Acting Dean adds perspective

November 12th, 2021

Dr BermudezDr. José Luis Bermúdez arrived on campus Nov. 1 as Texas A&M College of Dentistry’s new Acting Dean. He plans to focus on the positives, and amplify them, as he dives into his new role.

“I want to help make it possible for everyone in this college to focus on their teaching, their research, all their service to students and to the community, with minimal obstacles and noise in the system,” says Bermúdez, who joined the Texas A&M University faculty in 2010.

He is Professor of Philosophy and the Samuel Rhea Gammon Professor of Liberal Arts, previously serving as both Associate Provost for Strategic Planning and Dean of the College of Liberal Arts. He replaces Dr. Lynne Opperman, Regents Professor, who had served as interim dean of the College of Dentistry since June 1.

Bermúdez was born in Colombia and completed secondary education at St. Paul’s School in London before earning his undergraduate, master’s and doctorate degrees at the University of Cambridge. After faculty posts at Cambridge and the University of Stirling, he moved to America for faculty and director roles at Washington University in St. Louis before joining A&M.

“I’ve always been an active scholar, an active teacher, but I’ve done increasing amounts of university management and academic leadership,” Bermúdez says.

He arrived at Texas A&M as Liberal Arts Dean around the same time as President Katherine Banks, who was then Dean of Engineering. As two of the first external deans at A&M, they went through some similar experiences and challenges, he says, explaining that Banks thought it would benefit the College of Dentistry to have his perspective in a leadership role.

While philosophy and liberal arts do not have much in common with dentistry at first glance, he says a fresh perspective and previous experience in academic leadership are two strengths he brings to his new role as acting dean.  He intends to analyze issues from multiple points of view, to get a full understanding by listening and learning from everyone involved.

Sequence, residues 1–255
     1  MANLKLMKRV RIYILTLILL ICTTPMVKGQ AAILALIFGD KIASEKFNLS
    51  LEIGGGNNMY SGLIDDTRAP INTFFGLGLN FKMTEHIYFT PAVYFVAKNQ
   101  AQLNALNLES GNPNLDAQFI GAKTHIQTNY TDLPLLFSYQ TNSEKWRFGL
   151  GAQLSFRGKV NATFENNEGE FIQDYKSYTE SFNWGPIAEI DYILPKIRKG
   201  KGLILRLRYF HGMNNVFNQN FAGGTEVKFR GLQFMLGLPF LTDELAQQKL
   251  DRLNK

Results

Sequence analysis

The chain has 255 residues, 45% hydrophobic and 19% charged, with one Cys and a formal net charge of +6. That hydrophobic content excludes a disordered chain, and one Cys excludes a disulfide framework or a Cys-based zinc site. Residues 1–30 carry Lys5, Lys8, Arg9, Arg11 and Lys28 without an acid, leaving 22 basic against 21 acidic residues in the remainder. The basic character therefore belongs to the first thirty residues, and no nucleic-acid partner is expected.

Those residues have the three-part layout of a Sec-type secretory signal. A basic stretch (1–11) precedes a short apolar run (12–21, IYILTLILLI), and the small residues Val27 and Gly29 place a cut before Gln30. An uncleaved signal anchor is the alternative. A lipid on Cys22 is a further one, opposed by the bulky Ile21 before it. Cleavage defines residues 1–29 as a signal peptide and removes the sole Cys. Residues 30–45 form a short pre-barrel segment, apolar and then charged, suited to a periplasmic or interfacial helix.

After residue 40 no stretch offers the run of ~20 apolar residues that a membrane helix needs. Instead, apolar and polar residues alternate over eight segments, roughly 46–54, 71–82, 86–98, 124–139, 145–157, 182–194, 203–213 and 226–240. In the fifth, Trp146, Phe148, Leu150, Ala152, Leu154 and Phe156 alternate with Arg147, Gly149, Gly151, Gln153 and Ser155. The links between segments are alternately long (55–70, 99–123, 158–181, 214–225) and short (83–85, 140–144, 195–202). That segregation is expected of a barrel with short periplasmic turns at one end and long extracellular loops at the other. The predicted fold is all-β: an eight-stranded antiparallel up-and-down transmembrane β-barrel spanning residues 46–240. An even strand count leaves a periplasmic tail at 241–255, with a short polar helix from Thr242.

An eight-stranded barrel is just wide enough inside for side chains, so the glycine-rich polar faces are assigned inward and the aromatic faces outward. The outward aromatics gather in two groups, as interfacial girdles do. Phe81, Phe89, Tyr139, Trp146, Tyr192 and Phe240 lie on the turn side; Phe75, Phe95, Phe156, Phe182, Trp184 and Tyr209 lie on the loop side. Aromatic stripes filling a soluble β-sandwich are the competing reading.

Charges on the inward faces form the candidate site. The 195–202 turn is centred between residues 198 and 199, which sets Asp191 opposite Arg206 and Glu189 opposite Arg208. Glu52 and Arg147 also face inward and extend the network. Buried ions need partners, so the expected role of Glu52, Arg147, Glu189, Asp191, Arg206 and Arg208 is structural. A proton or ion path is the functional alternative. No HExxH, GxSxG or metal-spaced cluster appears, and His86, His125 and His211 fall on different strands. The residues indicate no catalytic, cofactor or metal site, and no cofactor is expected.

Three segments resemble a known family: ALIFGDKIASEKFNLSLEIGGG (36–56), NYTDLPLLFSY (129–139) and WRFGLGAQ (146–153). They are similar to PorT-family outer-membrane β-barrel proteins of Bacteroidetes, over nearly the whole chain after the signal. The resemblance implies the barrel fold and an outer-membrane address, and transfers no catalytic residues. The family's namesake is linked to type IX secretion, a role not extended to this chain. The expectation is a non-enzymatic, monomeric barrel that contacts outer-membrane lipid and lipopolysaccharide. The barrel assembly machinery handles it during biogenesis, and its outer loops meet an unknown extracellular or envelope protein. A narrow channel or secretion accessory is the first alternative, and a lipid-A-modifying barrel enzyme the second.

“I think, certainly in the first weeks here, that’s really going to be my emphasis: Trying to understand what the college is, trying to understand how different people see it,” he says. “My main qualification for being here is that I have no connection to dentistry, no history with the college. Completely fresh perspective, but a lot of experience in managing complex organizations and trying to make them work better to support academic operations.”

Bermúdez says that his overarching goal for his tenure as acting dean will be to set up for success whomever is selected for the permanent dean position. Opportunities exist for improving day-to-day operations, he says, though he emphasizes that the college’s educational programs remain as strong as ever.

“I’ve met with many of the students; I’m meeting them class by class,” he says. “The message that I have to all of them is that none of this reflects any perceived weakness or any perceived deficiency in the educational mission here. There is obviously always room for improvement and fine-tuning, but our programs here are among the jewels in the crown at A&M.”

The College of Dentistry offers fantastic professional training, with a talented student body and dedicated faculty, Bermúdez says, adding that the building blocks are here for a “really transformational dental college.”

“I don’t know if you’ve ever seen that Japanese film Rashomon by Akira Kurosawa. I can’t remember the details but it’s about one episode being told … and then you get six different perspectives on the same episode,” he says. “A lot of what goes on when you try to make sense of a complex institution is a bit like Rashomon. The job is to piece together all these different perspectives. That involves listening very carefully to what people say and figuring out how it all fits together.”

— Caleb Vierkant